The Other Place You Live by Jane O. Wayne
Getting lost, paradoxically, takes courage: you yield to the journey, savor the loss of bearings, give up control, and settle into the sensations of anxiety. A heightened sense of awareness often accompanies adrenalin surges. It they're lucky, even people with a good sense of direction get lost in their dreams. Wandering tangentially yields enthralling scenarios.
Jane O. Wayne has a good sense of direction. She gathers readers like a shepherdess, in open fields and hills. Sometimes she is up ahead on a city block on another continent, and you can barely see her as she turns a corner in the rain. But you follow. At times Wayne is leading with music, and you follow as she travels in time to "real" places and inner landscapes.
In the title poem of her new collection, "The Other Place You Live," the dream world is a place circumscribed by a constrained sense of expectations, and the past is certain to be encountered: "The night likes to find / the rough place, // to run a finger over a scar / until you hear / the playground-tease / or you're on the wrong bus again" and later "searching in a vortex of streets / for a certain house, // a door with no address, / and somewhere a room waiting, / the covers turned back / in childhood."
"At the Intersection" opens the book, "where the woman loses her way, / strays further and further / into the past until she lowers / the veil of a hat / in another country and leaves." The element of adventure is woven through the volume: "And all at once it's enough / just to go on -- to travel / under an open sky, like a migratory bird, / never fully settled."
In "Transported," Wayne deftly crafts the journey from the first moments after waking in the morning to conscious dreaming as she looks out the window, traveling for an instant to India, on an actual train of thought as it makes a brief stop then rolls forward.
The book is in three sections, but it defies the linear. In the penultimate poem "Stopped," grief is also manifested as traveling (and getting lost): "I might take the wrong turn / on the road or wouldn't recognize // the place or feel at home" and in yet another exploration of getting lost, we encounter Goldilocks (in "Turnabout") who reveals, "as if all along / the spin-and-shift of getting lost / was what I wanted -- anywhere / away from the map // of creases in my palms." This revelation, near the end of the book, confirms what the reader felt all along: yes, you followed the poet, trusting that you would reap the idiosyncratic rewards of getting lost and you have.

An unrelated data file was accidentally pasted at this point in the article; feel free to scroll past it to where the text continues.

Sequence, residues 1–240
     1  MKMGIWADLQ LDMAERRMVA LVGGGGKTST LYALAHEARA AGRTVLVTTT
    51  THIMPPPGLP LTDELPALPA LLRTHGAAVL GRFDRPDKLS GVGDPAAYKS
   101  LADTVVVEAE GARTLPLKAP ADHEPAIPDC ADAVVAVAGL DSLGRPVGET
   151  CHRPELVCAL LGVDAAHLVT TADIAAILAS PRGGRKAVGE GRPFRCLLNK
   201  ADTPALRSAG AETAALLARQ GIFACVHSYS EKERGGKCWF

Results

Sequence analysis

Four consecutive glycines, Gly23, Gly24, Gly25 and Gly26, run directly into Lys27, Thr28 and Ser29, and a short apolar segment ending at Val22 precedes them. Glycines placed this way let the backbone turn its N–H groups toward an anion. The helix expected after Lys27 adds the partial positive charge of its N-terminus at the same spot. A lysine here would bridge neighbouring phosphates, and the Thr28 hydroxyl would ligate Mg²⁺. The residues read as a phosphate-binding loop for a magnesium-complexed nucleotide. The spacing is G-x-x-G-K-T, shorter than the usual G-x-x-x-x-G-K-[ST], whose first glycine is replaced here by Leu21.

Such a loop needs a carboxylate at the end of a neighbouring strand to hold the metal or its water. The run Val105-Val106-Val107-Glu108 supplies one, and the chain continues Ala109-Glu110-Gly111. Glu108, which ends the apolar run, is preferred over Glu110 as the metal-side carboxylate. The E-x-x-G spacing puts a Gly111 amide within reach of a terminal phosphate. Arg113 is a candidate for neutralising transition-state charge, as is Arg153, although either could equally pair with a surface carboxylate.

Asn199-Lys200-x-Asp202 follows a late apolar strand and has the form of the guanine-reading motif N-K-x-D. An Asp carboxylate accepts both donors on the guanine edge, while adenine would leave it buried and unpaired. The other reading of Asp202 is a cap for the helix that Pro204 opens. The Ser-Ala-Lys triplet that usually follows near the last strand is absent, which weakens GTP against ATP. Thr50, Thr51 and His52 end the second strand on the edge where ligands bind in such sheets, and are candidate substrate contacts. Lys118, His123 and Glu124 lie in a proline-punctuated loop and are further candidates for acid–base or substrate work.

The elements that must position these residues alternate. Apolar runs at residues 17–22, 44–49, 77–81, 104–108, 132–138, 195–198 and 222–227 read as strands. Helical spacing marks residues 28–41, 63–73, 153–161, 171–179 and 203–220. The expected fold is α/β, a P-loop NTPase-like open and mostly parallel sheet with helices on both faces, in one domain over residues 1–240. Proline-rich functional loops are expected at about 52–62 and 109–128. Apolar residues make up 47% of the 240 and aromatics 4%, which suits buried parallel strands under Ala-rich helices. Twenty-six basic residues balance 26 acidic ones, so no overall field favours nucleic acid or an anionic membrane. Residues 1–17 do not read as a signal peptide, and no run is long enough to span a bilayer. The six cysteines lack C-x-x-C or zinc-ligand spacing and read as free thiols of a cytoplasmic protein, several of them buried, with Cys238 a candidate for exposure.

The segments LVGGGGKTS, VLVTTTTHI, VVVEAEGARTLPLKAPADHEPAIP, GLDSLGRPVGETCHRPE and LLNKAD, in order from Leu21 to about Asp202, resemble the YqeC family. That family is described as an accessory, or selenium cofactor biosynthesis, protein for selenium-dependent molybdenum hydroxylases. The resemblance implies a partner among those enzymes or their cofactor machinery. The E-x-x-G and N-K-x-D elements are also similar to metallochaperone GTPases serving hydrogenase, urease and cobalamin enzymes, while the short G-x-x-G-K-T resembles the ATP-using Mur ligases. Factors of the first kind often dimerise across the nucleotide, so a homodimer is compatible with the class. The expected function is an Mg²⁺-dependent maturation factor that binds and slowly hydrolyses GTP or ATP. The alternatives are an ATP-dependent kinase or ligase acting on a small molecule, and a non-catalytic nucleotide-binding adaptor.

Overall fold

The second section of the book has a particular focus: being lost as a result of illness. The speaker is struggling to stay oriented and her voice changes; she's more assertive, more emotional, more present. It begins with "The Subtractions": "A certain name, like a dog / that won't come / when called, maybe the car somewhere / on the parking lot." And "one door after another / slams behind her, her sphere dwindling / like a ball of twine." The next poem, "What the Surgeon Says," goes beyond mere description of what happens in the encounter -- the reader experiences it in a way that is frighteningly familiar to many: "Tumor, he says, noninvasive -- / though it spreads quickly / through the room you're in / takes over so there's nothing else / to talk about." And to complicate getting lost, now there is forgetfulness, in "Another Kind of Winter": "do I push or pull / the door, and which way / does the key turn, which finger / wears a ring?"
The third and last section has yet another voice, addressing melting ice (climate change), trips to India and Zagreb, grief, time travel to 1938, and escaping persecution. "The Landing (April 23, 1500)" is a joyous persona poem where what has historically been a clash of cultures is instead a joining of kindred spirits.
My favorite poem here, "Writing in the Dark," does not address the sensations and lessons of getting lost; rather it focuses sharply on our often futile efforts to capture the moment in language. Are we always writing in the dark, illegibly, our clumsy hands doomed to smear and shred and crowd letters on top of each other, where the absence of light compels the writer toward self-discovery? Wayne suggests "too rickety, the bridge // between night and day" so she wisely lets go, with grace, accepting "a city, another place / I only visit once, sinks into the sand, / so by afternoon at low tide / in the marsh, all proof / has washed away." And what of "the unlatched doors, the open windows / letting secrets out?" Poets must keep their windows open, and the poem touches on the emotional consequence of such vulnerability. Wayne writes with precision and a palpable urgency to connect. The reader will be glad to go to The Other Place You Liveto enjoy this fine work that doesn't disappear during high tide or in the light of day.
The Other Place You Live by Jane O. Wayne